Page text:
Der Rabe (1951) Movie Script

Once upon a midnight dreary,
while I pondered
weak and....
While I nodded,
nearly napping,
suddenly there came a tapping
As if someone gently rapping,
rapping at my chamber door.
"Tis some visitor," I muttered,
"tapping at my chamber door
Only this and nothing more."
Ah distinctly I remember, it was in the
bleak December
And each separate dying ember wrought its
ghost upon the floor.
Eagerly I wished the morrow;
vainly I had sought to borrow
From my books surcease of sorrow
sorrow for
the lost Lenore
For the rare and radiant maiden
whom the angels name
Nameless here
For evermore.
And the silken, sad, uncertain
rustling of each purple curtain
Thrilled mefilled me with fantastic terrors
never felt before;
So that now, to still the beating of my
I stood repeating
Tis some visitor entreating entrance at my
chamber door
Some late visitor entreating entrance
at my chamber door;
This it... and...
nothing more."
Presently my soul grew stronger;
hesitating then no longer,
Sir, said I, or Madam, truly your
forgiveness I implore;
But the fact is I was napping, and so gently
you came rapping,
That I scarce was sure I heard you
here I opened wide the door;
Darkness there
and nothing more.
But the silence was unbroken, and the
stillness gave no token,
And the only word there spoken was the
whispered word, Lenore?
This I whispered, and an echo
murmured back the word,
Merely this and nothing more.
Back into the chamber turning, all my soul
within me burning,
Soon again I heard a tapping somewhat louder
than before.
Surely, said I, surely that is something
at my window lattice;
Let me see, then, what thereat is, and this
mystery explore
Let my heart be still a moment and this
mystery explore;
Tis the wind and nothing more!
Open here I flung the shutter, when, with
many a flirt and flutter,
In there stepped a stately Raven of the
saintly days of yore;
Not the least obeisance made he; not a
minute stopped or stayed he;
But, with mien of lord or lady, perched
above my chamber door
Perched upon a bust of Pallas just above my
chamber door
Perched, and sat,
and nothing more.
Then this ebony bird beguiling
my sad fancy into smiling,
By the grave and stern decorum of the
countenance it wore,
Though thy crest be shorn and shaven, thou,"
I said, art sure no craven, Ghastly grim
and ancient Raven wandering from the Nightly
Tell me what thy lordly name is on the
Nights Plutonian shore!
Quoth the Raven,
Much I marvelled this ungainly fowl
to hear discourse so plainly,
Though its answer little meaninglittle
relevancy bore;
For we cannot help agreeing that no living
human being
Ever yet was blessed with seeing bird above
his chamber door
Bird or beast upon the
sculptured bust above his chamber door,
With such name as Nevermore.
But the Raven, sitting lonely on the placid
bust, spoke only
That one word, as if his soul in that one
word he did outpour.
Nothing farther then he uttered
not a feather then he fluttered
Till I scarcely more than muttered
Other friends have flown before
On the morrow he will leave me, as my Hopes
have flown before.
Then the bird said,
Startled at the stillness broken
by reply so aptly spoken, Doubtless, said
what it utters is its only stock and store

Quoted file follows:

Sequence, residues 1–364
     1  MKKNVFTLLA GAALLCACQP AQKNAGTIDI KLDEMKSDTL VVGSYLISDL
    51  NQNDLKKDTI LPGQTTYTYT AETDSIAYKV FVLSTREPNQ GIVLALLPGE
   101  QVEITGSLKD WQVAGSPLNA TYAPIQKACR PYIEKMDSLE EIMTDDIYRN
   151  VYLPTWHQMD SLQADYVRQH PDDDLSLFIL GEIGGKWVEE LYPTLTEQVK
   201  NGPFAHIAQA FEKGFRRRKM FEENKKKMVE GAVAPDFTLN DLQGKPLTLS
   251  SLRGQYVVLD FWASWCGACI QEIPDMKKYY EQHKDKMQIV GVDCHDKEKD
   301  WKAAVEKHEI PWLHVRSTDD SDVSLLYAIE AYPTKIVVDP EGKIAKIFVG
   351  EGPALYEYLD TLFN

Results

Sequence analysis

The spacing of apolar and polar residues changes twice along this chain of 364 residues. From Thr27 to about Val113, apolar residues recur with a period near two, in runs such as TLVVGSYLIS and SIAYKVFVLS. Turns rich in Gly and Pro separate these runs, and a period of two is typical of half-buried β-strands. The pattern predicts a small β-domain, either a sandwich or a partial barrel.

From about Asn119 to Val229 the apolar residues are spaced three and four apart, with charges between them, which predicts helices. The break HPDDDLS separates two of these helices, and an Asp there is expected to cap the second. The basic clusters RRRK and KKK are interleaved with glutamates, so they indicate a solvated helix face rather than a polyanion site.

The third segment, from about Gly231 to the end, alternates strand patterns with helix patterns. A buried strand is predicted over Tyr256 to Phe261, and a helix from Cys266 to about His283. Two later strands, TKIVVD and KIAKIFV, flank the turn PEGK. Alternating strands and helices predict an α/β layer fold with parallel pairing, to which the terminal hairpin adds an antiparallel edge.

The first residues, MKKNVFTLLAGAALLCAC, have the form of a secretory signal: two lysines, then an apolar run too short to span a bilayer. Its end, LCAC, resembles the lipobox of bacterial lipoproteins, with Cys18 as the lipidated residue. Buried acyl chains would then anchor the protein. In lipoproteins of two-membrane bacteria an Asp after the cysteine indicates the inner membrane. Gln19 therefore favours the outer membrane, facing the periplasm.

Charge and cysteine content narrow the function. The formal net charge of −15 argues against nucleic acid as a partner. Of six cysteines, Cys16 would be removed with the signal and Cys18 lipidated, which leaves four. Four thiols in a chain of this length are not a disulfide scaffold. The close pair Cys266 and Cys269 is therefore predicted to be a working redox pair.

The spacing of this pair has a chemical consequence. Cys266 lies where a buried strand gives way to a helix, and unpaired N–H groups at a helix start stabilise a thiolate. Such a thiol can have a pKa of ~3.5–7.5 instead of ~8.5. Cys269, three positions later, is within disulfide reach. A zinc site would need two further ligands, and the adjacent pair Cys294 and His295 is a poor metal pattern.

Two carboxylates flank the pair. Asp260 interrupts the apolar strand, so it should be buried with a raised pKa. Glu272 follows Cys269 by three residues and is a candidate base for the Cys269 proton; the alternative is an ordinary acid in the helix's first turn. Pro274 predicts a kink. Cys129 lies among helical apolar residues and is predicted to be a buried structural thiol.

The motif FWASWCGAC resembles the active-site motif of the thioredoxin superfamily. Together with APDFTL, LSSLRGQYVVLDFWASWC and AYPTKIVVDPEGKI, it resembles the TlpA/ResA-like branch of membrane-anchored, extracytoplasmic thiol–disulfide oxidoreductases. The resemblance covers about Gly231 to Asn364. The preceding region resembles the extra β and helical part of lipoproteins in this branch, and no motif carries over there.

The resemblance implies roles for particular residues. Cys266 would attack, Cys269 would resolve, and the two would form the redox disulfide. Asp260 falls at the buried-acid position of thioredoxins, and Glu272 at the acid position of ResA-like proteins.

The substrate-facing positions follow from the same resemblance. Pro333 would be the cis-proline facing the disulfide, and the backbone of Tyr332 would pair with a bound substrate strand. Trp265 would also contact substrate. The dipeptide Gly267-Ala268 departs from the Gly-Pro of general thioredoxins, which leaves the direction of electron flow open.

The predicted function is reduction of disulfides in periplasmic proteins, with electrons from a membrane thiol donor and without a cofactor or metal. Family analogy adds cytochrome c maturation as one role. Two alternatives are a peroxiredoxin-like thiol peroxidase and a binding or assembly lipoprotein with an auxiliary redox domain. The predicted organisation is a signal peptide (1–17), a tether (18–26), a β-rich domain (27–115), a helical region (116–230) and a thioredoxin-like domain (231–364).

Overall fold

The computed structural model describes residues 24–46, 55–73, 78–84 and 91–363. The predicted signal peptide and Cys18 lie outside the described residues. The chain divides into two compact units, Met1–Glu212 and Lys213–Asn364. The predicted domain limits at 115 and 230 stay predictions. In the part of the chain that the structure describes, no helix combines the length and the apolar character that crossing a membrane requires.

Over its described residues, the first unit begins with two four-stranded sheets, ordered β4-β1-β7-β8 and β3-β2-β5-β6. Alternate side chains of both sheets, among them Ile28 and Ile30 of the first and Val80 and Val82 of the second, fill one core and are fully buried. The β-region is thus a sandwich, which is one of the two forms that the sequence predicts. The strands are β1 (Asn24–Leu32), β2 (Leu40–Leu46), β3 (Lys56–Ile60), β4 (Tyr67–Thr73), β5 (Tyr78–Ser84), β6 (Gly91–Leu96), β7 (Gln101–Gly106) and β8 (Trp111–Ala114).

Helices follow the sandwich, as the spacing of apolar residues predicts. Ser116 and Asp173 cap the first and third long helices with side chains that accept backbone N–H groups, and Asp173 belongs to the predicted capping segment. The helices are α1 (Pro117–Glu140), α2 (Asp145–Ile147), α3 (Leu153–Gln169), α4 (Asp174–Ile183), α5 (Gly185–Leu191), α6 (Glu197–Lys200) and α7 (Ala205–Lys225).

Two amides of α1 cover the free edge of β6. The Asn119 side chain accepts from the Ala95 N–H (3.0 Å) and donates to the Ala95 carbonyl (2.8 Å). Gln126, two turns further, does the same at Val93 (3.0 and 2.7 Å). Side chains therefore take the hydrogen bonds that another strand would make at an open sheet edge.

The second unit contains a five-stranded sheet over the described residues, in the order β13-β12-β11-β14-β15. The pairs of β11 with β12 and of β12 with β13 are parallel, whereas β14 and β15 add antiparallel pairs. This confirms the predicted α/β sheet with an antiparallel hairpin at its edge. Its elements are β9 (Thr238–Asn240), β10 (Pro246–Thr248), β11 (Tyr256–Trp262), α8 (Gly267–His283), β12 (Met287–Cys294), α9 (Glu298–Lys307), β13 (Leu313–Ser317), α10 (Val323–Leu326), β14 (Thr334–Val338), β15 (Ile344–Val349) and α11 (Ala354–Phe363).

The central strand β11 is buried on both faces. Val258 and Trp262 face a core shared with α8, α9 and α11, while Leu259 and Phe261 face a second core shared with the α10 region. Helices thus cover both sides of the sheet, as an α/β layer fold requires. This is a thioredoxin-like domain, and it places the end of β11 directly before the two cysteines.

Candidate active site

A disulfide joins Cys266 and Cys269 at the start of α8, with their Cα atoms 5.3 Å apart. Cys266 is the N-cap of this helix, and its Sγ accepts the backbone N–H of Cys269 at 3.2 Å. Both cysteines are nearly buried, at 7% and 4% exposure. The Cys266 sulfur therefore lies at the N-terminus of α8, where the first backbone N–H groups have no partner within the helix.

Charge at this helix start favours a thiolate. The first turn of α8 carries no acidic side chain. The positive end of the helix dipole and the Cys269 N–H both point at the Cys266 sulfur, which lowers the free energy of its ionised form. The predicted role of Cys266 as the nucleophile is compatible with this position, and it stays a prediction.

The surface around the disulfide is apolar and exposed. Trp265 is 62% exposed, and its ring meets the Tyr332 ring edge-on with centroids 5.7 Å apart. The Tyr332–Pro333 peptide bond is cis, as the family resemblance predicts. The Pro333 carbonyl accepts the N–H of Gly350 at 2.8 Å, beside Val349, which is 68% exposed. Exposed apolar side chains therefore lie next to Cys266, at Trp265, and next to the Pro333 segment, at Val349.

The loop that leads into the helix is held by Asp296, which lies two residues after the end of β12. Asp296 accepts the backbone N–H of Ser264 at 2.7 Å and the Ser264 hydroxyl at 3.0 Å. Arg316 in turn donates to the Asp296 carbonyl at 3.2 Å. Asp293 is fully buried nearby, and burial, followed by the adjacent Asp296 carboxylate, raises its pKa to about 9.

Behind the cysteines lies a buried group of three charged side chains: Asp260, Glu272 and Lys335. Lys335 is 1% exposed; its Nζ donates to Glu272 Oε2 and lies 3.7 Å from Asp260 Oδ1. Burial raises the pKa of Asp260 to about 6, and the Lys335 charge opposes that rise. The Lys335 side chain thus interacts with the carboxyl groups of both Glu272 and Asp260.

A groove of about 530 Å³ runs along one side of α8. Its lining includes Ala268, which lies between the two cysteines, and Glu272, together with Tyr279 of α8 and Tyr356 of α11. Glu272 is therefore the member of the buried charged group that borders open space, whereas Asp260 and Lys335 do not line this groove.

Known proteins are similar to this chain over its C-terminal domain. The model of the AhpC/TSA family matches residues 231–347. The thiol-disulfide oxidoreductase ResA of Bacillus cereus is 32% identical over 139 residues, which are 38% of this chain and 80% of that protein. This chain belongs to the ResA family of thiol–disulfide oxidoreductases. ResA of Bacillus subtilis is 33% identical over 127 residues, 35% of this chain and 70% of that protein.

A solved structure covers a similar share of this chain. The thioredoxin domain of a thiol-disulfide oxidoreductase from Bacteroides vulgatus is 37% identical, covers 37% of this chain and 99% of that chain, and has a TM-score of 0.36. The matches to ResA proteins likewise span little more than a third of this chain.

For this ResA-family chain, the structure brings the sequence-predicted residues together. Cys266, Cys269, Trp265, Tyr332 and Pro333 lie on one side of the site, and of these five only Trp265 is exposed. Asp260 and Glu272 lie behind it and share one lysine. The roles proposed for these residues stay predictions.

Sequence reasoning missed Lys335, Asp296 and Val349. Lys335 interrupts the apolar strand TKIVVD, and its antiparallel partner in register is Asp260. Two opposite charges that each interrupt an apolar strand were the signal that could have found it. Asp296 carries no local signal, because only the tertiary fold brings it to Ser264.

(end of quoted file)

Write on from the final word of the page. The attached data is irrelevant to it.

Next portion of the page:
Caught from some unhappy master whom
unmerciful Disaster
Followed fast and followed faster till his
songs one burden bore
Till the dirges of his Hope that melancholy
burden bore
But the Raven still beguiling all my fancy
into smiling,
Straight I wheeled a cushioned seat in front
of bird, and bust and door;
Then, upon the velvet sinking, I betook
myself to linking
Fancy unto fancy, thinking what this ominous
bird of yore
What this grim, ungainly, ghastly, gaunt,
and ominous bird of yore
Meant in croaking Nevermore.
This I sat engaged in guessing,
but no syllable expressing
To the fowl whose fiery eyes now burned into
my bosoms core;
This and more I sat divining,
On the cushions velvet lining that the lamp-
light gloated oer,
But whose velvet-violet lining with the lamp-
light gloating oer,
She shall press,
ah, nevermore!
Then, methought, the air grew denser,
perfumed from an unseen censer
Swung by Seraphim
whose foot-falls tinkled
on the tufted floor.
Wretch, I cried,
thy God hath lent thee
by these angels he hath sent thee
Respiterespite and nepenthe
from thy memories of Lenore;
Quaff, oh quaff this kind nepenthe
and forget
this lost Lenore!
Quoth the Raven,
Prophet! said I, thing of evil!
prophet still, if bird or devil!
Whether Tempter sent, or whether tempest
tossed thee here ashore,
Desolate yet all undaunted, on this desert
land enchanted
On this home by Horror haunted
tell me truly, I implore
Is thereis there balm in Gilead?
tell metell me, I implore!
Quoth the Raven,
Prophet! said I, thing of evil!
prophet still, if bird or devil!
By that Heaven that bends above us
by that God we both adore
Tell this soul with sorrow laden if, within
the distant Aidenn,
It shall clasp a sainted maiden whom the
angels name Lenore
Clasp a rare and radiant maiden whom the
angels name Lenore.
Quoth the Raven,
"Be that word our sign of parting,
bird or fiend! I shrieked, upstarting
Get thee back into the tempest and the
Nights Plutonian shore!
Leave no black plume as a token of that lie
thy soul hath spoken!
Leave my loneliness unbroken!
quit the bust above my door!
Take thy beak from out my heart, and take
thy form from off my door!
Quoth the Raven,
And the Raven, never flitting,
still is sitting, still is sitting
On the pallid bust of Pallas just above my
chamber door;
And his eyes have all the seeming
of a demons that is dreaming,
And the lamp-light oer him streaming throws
his shadow on the floor;
And my soul from out that shadow that lies
floating on the floor
Shall be liftednevermore!